It should come as no surprise that what started me on my journey to become a writer was reading books that inspired me to create something of my own. It started with Harry Potter and the Sorcerer’s Stone as a kid, and then my inspiration came from The Lord of the Rings in high school, and then Howl’s Moving Castle in college. For several years after reading Diana Wynne Jones’ work for the first time, I failed to find much inspiration in what I was reading. Not that what I was reading was bad—just the opposite—only… there was nothing that really inspired me, nothing that made me think wow, I wish I could write like this, or I want to build a world as vivid as the one in this book.


Books like that are what I live for—what I yearn for. I love to fall into stories that inspire me, that make me want to be a better writer, that give me the encouragement to go forth and write new words. And when I go a long time without reading something like that, my inspiration well often starts to dry up. I no longer have this OMG I have to write this book feeling anymore because I’ve lost the magic of falling in love with whatever book made me want to work harder to finish my story.

And it’s hard not having that drive anymore. I still write. But the longer I go without refilling that inspiration well, the harder it is to write, to feel like what I’m doing is worthwhile. It’s easy for me to lose confidence and to forget why I ever wanted to write this story in the first place.

Not a good place to be.

But then I find a book—the book—to refill that well of inspiration and remind me that what I am doing is amazing and worthwhile, a book that shows me that it can be done, that my story is worth writing, worth sharing.

The most recent book series that did this for me was The Girl of Fire and Thorns trilogy by Rae Carson. This was around the beginning of last year, while I was busy revising the first draft of The Wizard’s Heart, before all of my lamentable woes regarding the book that have happened since. This was before my editor roasted my characters and world-building, before beta-readers slashed through the arteries of my writing soul, before doubt and pain and fear crept in. This was when I was still optimistic about publishing a novel within the next few months.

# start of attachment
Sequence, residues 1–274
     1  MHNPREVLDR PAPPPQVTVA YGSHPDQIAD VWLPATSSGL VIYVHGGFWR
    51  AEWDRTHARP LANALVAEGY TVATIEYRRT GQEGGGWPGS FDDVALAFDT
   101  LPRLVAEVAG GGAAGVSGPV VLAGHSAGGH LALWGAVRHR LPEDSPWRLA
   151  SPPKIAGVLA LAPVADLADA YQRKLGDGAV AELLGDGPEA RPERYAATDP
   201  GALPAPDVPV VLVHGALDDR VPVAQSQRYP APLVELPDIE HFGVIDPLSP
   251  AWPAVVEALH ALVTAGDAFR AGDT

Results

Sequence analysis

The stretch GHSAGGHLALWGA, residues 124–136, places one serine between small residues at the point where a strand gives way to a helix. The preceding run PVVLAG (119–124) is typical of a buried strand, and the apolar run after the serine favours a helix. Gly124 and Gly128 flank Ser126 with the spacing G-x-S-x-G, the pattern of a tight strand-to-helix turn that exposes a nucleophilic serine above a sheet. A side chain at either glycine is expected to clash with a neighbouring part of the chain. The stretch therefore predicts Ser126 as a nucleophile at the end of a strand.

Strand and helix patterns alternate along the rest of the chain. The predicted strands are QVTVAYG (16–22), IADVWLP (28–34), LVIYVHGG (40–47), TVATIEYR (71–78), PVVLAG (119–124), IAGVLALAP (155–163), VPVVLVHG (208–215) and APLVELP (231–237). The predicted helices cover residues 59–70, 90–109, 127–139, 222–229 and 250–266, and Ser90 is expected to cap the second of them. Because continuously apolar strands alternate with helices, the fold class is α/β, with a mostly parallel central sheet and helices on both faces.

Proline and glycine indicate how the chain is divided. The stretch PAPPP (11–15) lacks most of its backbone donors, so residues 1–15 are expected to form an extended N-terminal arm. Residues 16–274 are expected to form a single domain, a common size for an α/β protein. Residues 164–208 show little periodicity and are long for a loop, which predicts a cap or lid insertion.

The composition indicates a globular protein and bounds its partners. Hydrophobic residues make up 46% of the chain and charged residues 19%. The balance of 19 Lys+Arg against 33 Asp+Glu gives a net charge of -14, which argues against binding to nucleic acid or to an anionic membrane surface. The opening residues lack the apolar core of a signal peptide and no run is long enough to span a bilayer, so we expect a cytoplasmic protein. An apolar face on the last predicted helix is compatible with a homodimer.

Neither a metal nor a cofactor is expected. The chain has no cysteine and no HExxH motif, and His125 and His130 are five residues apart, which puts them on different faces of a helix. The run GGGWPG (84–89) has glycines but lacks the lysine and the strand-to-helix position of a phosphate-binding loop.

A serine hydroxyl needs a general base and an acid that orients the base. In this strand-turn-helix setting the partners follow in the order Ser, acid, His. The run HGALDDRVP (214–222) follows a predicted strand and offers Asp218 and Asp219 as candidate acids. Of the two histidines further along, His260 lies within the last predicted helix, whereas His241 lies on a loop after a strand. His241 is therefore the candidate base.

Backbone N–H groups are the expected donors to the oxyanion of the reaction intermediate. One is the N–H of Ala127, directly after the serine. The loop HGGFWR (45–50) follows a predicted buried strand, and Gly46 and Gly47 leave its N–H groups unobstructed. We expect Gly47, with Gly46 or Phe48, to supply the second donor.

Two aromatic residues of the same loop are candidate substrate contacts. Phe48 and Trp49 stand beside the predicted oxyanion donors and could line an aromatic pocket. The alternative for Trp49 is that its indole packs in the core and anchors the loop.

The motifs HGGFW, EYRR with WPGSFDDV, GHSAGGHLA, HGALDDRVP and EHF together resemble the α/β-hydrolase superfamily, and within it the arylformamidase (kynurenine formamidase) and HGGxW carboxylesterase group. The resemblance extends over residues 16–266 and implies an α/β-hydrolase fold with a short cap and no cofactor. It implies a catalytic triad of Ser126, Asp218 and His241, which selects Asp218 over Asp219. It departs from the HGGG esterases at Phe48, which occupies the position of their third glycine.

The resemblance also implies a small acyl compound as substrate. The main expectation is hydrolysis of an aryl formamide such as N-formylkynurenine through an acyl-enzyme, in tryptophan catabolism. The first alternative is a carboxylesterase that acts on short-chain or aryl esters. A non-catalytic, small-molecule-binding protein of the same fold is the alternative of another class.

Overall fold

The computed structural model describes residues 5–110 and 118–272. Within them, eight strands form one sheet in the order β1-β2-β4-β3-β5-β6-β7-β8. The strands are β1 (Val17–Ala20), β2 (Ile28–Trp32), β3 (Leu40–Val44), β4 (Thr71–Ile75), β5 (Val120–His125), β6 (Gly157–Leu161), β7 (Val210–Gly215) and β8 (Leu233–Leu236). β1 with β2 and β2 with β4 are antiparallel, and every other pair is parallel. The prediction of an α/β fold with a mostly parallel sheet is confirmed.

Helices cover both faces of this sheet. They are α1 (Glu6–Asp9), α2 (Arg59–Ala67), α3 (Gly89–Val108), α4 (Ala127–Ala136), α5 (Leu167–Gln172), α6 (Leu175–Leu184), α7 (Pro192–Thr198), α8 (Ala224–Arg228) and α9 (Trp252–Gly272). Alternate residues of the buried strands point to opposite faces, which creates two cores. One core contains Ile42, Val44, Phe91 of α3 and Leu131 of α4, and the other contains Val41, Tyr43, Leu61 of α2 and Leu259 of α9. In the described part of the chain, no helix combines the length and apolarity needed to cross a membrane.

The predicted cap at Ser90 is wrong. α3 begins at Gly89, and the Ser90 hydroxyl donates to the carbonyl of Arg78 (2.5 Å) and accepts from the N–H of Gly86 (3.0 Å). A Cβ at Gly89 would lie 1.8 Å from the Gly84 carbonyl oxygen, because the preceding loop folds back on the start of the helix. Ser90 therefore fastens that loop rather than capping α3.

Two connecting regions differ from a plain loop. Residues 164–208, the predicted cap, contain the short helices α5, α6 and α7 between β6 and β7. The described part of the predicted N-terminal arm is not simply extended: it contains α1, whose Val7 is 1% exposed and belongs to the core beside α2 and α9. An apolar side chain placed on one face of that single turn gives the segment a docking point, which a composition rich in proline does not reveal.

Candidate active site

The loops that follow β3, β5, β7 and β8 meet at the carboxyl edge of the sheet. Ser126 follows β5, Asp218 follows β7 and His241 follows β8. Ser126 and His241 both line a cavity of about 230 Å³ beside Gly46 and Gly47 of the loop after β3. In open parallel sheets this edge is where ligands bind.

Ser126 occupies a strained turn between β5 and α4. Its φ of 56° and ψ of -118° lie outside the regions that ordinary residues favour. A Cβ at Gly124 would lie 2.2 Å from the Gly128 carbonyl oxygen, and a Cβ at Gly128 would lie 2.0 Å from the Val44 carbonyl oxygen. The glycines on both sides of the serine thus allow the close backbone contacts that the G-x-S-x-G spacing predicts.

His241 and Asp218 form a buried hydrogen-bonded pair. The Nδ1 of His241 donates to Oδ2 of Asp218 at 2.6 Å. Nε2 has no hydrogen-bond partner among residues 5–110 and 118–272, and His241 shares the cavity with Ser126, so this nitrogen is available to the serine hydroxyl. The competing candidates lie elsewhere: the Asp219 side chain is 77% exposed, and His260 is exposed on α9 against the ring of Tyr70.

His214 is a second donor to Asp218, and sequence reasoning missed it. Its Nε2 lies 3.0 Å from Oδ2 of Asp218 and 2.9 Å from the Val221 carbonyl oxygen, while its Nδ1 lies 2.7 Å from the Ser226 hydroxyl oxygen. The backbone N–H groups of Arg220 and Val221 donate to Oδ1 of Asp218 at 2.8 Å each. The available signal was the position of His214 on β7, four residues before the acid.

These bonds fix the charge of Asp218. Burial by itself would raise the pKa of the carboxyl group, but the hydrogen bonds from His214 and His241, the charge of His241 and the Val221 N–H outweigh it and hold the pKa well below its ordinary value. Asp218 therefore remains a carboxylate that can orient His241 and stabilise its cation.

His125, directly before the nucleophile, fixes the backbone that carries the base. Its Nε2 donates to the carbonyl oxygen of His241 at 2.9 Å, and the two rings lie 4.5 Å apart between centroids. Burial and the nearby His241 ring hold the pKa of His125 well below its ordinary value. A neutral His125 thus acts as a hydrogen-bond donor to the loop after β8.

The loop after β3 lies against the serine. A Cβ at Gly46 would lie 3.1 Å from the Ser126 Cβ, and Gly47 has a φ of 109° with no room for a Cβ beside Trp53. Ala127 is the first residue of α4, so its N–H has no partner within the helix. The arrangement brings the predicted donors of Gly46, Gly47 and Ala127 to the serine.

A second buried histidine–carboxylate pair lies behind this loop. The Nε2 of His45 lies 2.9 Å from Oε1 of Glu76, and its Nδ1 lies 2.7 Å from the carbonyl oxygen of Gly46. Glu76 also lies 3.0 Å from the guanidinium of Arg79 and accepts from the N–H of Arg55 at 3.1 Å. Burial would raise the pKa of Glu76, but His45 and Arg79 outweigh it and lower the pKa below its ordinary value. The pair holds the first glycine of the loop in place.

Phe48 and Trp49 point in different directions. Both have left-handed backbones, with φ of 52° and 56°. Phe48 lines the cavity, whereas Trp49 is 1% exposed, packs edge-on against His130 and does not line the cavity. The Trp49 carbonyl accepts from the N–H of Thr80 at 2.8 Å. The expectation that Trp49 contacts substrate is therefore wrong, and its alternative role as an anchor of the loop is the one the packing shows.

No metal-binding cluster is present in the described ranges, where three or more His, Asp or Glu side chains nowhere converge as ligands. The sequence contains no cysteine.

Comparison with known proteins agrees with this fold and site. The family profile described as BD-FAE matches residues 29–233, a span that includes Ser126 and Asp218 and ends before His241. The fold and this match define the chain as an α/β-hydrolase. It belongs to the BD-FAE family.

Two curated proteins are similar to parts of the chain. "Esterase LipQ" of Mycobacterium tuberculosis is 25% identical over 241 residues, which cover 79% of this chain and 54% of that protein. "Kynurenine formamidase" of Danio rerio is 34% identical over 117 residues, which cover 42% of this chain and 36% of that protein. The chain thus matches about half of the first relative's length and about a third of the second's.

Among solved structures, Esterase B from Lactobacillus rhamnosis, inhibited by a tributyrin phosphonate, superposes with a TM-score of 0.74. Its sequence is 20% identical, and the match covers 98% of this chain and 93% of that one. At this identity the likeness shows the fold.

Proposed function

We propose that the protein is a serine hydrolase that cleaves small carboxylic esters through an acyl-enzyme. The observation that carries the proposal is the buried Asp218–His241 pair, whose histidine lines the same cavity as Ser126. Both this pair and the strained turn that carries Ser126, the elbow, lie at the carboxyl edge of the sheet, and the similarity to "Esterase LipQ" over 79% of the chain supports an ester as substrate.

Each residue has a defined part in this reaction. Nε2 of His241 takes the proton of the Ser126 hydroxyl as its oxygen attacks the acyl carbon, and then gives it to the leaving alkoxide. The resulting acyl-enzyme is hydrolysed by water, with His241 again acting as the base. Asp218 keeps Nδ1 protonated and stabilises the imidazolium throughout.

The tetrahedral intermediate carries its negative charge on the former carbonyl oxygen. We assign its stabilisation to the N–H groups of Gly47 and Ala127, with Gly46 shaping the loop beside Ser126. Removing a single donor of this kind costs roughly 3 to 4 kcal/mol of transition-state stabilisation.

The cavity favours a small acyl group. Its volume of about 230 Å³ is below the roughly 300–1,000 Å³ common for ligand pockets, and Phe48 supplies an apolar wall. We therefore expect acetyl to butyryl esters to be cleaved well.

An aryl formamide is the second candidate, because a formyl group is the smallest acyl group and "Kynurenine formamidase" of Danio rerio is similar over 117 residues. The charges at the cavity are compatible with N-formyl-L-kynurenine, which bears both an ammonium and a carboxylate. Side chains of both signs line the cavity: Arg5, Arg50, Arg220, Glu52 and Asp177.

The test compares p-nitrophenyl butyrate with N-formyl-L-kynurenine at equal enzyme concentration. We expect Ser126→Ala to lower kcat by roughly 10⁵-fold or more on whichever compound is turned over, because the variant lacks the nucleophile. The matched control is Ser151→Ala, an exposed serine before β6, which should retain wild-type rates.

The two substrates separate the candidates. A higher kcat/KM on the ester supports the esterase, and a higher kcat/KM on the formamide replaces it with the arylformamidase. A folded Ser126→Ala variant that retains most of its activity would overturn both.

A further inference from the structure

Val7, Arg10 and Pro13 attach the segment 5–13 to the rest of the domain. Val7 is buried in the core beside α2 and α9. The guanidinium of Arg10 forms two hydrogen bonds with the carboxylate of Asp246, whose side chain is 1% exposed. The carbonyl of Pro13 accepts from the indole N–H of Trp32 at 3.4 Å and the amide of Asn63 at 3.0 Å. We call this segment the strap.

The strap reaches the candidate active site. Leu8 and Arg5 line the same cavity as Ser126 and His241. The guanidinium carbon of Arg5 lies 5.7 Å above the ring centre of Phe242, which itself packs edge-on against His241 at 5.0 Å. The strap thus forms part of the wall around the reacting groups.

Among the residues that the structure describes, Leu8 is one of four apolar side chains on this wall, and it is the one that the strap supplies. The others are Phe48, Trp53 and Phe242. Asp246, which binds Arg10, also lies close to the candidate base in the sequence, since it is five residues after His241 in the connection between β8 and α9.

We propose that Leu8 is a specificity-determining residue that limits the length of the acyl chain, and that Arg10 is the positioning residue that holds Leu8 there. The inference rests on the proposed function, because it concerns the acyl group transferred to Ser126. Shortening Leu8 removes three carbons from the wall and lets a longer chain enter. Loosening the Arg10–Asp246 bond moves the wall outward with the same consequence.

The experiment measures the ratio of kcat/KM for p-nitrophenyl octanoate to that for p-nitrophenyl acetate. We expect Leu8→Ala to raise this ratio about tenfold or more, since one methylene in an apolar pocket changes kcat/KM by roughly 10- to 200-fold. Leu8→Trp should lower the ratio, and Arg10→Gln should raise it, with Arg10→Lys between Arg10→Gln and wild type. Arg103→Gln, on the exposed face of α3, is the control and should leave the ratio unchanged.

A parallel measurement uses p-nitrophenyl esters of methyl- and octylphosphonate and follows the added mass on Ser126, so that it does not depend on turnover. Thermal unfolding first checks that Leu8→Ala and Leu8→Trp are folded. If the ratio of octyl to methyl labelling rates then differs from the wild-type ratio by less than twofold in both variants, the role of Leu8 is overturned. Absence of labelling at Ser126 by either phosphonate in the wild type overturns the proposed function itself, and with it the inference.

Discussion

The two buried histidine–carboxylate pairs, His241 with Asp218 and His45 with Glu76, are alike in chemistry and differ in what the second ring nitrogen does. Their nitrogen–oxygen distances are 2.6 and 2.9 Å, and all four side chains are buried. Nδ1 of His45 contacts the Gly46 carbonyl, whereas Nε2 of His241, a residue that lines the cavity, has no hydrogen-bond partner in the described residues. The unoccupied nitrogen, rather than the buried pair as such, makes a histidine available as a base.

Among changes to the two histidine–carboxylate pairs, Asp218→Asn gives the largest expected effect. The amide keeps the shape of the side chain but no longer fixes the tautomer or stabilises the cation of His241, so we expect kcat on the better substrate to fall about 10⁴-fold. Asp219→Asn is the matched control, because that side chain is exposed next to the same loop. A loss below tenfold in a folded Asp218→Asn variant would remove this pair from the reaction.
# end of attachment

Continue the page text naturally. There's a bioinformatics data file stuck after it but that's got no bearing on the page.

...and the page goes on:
Nevertheless, revisions were slow-going, and while I hadn’t yet reached the place of fear that I’m currently experiencing, I did worry that my book wasn’t good enough, that no one would like it, that it wasn’t marketable—all the doubts most any writer experiences at some time or another.

And then I read The Girl of Fire and Thorns.


I devoured that book. I lived in it. It was the best thing I had read since Howl’s Moving Castle, at least in terms of how it allowed me to escape so fully into a world not my own. I could imagine it in my head just as vividly as anything I had created, perhaps even more so.

And that inspired me—to the point that I had this driving urge to finish The Wizard’s Heart like never before and get it published. The Girl of Fire and Thorns was so much like what I wanted to accomplish with The Wizard’s Heart—it was a non-standard fantasy in a non-white, non-European setting, with a beautifully tragic story full of heartache, pain, struggle, and bittersweet victory. It was everything that I wanted The Wizard’s Heart to be and more, showing me that a book like mine could succeed. And for a moment, it silenced my fears.

The Girl of Fire and Thorns became the baseline for what I wanted The Wizard’s Heart to be, in the level of storytelling, the level of writing, the level of emotion—all of it.

However, somewhere along the way, I forgot that. I lost that inspiration. Perhaps my lofty ambitions were the ultimate cause of the imminent fall to where I am now. The truth is: I’m not that good. My book isn’t as good. And I don’t know if I can be. I don’t know if I’m capable of actually producing a book that is as beautiful as The Girl of Fire and Thorns was to me. That doesn’t mean I’m not going to try.

Remembering that feeling—that intoxicating level of inspiration that I got while reading those books—it makes me want to work even harder than before to deliver on those early ambitions, to really make The Wizard’s Heart as wonderful as I want it to be.

And maybe it won’t be as good as The Girl of Fire and Thorns. But if I put my heart into it, if I make an effort to put every last hope and dream and shred of inspiration into my words, if I bleed my soul onto the page, it will be a book that I can be proud of.

I have spent too long tearing away The Wizard’s Heart, focusing on everything that is wrong, every flaw, every mistake, that I have lost sight of all the good inside the book, all the love that I poured into it. I lost sight of its potential; I lost sight of its beauty.

So now I’m going to go curl up with my copy of The Girl of Fire and Thorns, and I’m going to find that inspiration again. I’m going to fill up the well within my writing soul, and then I’m going to feed every last bit of it back into The Wizard’s Heart and make the book beautiful again, fill its pages with every last bit of myself, so I can be sure that when I finally publish that book, it’s something that I can be proud of—because it’s a part of me.


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